What to Expect for a First-Offense DUI in Tennessee?
Being arrested for a first DUI offense can be daunting, particularly if you’re unfamiliar with the legal process. Tennessee courts impose strict punishments on those who drive while impaired, and DUI offenses are classified according to the circumstances of the arrest, prior offenses, and other factors.
However, even a first DUI charge can result in heavy fines, required educational courses, and even a prison sentence. Being aware of these laws and having guidance from a Tennessee DUI attorney is important for anyone dealing with these potential penalties
For a first-offense DUI conviction, which is a Class A misdemeanor charge in Tennessee, you face the following penalties:
- Jail time of 48 hours to 11 months and 29 days
- At least seven days of jail time if your BAC is .20 or higher when you were arrested
- One-year license revocation (you may apply for a restricted license, depending on your situation)
- Complete a drug or alcohol treatment program
- A fine of $350 up to $1,000
- Pay restitution to anyone who suffered injuries or property damage due to the DUI incident
- Installation of an ignition interlock device (IID)
Depending on the circumstances, the weight of a DUI charge can be lessened to a minor offense such as a traffic violation or reckless driving. But this is subject to various factors. These include legal issues your Tennessee DUI attorney can raise in court, the weakness or strength of the prosecution’s evidence against you, and whether your actions show accountability and acknowledgment of your substance abuse problem, among many others. A successful attempt at lessening the offense can help you avoid incarceration and other consequences.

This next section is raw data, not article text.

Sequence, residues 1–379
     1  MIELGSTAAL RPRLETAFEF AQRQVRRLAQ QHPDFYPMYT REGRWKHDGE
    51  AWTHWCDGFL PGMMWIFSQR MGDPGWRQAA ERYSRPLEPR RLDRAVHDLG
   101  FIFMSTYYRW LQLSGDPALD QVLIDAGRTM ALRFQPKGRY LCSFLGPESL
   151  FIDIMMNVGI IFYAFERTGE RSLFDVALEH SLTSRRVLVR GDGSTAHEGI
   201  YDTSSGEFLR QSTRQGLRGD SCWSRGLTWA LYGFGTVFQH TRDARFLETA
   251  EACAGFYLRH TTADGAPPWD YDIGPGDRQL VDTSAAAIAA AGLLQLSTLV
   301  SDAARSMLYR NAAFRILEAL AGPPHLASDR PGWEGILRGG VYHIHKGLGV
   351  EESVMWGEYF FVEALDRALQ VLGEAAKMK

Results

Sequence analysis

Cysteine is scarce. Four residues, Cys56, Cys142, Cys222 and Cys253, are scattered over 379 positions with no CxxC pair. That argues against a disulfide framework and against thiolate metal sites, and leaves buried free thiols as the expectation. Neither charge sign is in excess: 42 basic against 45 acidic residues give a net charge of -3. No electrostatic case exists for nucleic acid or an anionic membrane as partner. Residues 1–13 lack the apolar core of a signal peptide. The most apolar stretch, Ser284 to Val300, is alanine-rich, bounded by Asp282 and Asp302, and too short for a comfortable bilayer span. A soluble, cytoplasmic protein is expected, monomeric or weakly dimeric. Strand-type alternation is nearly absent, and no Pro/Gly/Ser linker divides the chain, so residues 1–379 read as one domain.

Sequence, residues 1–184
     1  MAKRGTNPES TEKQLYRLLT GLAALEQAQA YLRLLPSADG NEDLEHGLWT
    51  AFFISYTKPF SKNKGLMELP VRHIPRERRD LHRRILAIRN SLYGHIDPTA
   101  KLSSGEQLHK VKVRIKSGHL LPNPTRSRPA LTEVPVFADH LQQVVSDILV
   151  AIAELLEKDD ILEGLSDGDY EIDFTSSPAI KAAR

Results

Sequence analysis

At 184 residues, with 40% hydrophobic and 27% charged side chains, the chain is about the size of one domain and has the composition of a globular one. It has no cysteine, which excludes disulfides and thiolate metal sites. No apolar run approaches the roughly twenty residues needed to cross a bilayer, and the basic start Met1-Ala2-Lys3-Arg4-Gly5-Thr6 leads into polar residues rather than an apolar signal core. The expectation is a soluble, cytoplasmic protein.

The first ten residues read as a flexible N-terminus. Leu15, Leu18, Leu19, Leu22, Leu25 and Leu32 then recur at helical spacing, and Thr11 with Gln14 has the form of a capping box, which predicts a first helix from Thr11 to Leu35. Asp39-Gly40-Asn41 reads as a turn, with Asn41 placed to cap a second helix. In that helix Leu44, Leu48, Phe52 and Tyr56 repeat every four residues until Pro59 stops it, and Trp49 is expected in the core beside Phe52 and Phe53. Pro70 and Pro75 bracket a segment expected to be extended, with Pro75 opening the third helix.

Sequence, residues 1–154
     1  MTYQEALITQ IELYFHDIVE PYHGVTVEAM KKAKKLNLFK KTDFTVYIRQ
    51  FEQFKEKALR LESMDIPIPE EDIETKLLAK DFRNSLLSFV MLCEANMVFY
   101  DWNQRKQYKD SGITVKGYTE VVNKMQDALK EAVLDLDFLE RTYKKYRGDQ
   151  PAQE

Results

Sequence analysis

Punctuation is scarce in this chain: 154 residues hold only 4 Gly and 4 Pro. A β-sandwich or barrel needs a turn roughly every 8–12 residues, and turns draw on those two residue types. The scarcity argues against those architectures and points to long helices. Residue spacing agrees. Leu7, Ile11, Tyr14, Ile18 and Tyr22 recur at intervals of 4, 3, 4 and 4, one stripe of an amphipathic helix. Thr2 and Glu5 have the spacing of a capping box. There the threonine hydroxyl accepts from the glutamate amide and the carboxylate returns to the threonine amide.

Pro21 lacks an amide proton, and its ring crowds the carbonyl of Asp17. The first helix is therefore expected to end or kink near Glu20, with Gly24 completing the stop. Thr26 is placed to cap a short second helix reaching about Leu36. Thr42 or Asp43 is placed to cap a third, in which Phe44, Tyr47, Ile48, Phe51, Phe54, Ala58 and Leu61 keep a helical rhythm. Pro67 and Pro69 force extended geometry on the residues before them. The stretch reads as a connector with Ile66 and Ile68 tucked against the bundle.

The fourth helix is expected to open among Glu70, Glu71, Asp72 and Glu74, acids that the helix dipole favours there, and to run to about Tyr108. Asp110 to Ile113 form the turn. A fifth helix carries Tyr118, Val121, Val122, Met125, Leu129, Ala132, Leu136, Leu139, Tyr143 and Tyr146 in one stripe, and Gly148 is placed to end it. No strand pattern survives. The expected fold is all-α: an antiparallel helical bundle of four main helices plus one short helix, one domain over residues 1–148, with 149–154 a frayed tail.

You can’t expunge a DUI from your criminal record. However, even if a conviction for DUI cannot be erased from your record according to the current law, a reckless driving charge can be expunged five years past your completion of the six-month probationary period. Also, certain criminal charges, including reckless driving, are eligible for judicial diversion.
Judicial diversion is a form of probation for first-time, non-violent offenders. It enables the charges against the offender to be diverted for a predetermined period as soon as the defendant confesses their guilt and agrees to the judge’s given conditions. The defendant’s sentence is not executed if they can accomplish their probationary period successfully. Take note, however, that offenders who have been convicted of a Class A misdemeanor or a felony are not eligible for judicial diversion.
It’s also crucial to note that any violation of the judicial diversion requirements will result in the court issuing a warrant for your immediate arrest. It will also likely revoke your diversion, convict you of the original offense, increase your probation requirements, and add more jail time.
Our Tennessee DUI attorney, Joshua T. Crain, understands the seriousness of facing a DUI charge and its potential consequences. Find out how we can fight for your freedom by scheduling a case evaluation with our Tennessee DUI attorney online or by phone at 615-848-2088.